Friday, September 16, 2011

It Might Be too Late to Learn Social Media

When I started my company, Building Blocks Social Media, one of the populations of people I wanted to serve were the folks who still needed basic social media training, and that is why I picked that as my URL for my website. As I am approaching my one year anniversary, I am finally getting to the point where I can be honest with myself and realize that the population of people who need to learn social media may have missed the boat, and I may not be able to help them.

In the beginning, social media was free and it was social. The early adopters saw value in it and enjoyed using it as a communication tool. It used to be purely conversation! Then, the marketers realized the power that held for businesses and they started learning how to use it for business. These people were comfortable having the same online presence, whether they were on Facebook, LinkedIn or Twitter. The personality types of these folks is much more transparent. They used the last five years to learn how to use the platforms. Much of this time was spent with trial and error, but they were all learning together so it was o.k. I spoke with Mike McAllen and Jon Trask about this issue in the meetings and events industry recently and our conversation will be posted on the Meetings Podcast site shortly.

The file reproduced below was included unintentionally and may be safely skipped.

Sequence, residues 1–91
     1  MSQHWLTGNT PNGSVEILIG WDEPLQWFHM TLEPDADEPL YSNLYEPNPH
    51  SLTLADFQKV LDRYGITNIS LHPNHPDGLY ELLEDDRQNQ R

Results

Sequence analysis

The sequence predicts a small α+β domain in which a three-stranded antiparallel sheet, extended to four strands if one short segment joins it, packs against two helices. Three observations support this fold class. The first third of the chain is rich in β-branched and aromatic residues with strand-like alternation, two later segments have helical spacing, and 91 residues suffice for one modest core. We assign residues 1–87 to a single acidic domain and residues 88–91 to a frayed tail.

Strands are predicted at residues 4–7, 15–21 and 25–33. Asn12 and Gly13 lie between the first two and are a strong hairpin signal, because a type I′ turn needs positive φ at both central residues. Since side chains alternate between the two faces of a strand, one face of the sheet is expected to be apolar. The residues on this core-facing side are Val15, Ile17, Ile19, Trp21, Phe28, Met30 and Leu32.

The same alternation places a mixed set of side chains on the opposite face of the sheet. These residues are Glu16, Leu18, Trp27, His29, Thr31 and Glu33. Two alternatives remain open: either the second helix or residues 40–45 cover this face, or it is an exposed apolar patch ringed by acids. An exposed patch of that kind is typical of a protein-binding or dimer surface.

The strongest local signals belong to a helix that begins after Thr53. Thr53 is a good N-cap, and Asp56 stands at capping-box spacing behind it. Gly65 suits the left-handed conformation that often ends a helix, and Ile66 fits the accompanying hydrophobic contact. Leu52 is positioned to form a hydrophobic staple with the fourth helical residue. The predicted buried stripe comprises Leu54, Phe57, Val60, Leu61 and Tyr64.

Recently, I have been feeling a change in the wind. It is as if social media has become a profession. You have a lot of people like me trying to develop a business model around all different facets of social media. There are self-proclaimed social media experts, specialists, gurus, certifications. How do you know who to trust? One of my recommendations is don't trust someone who calls themselves an expert. The platforms are changing every day so it is nearly impossible to keep up with the best practices and important developments. Instead, look for someone who is trying their best to keep up and continually learn what the important changes are for the business uses of social media platforms.

Or, maybe you still think that hiring an intern to manage your social media and online presence is good enough because if they are young, they should know how to use all of these tools. Facebook's company page product is much more difficult to do correctly than the personal profile. Many Generation Y'rs don't use Twitter and, again, don't understand the conversation value it can provide to a brand. You need someone who knows you well enough to speak for you with your most important client or prospect. You are clearly that person, but you are too busy and important to "bother" with social media.

It is never too late to learn a new skill, but it isn't something you can learn part-time by trial and error anymore. You need a coach who can spend the required time to setup or clean up your online presence and then train you how to use it in the most efficient way. As I continue to narrow the focus of my business, I have learned that I don't specialize in any industry outside of the meetings/hospitality industry. This is the language that I speak, the language of conference organizer. Therefore, I am marketing myself to these people specifically. I am not qualified to speak for your organization on a day-to-day basis. However, when it comes time for your annual conference, I can help you with the strategy, monitoring and moderation of any of the social media platforms your attendees are using.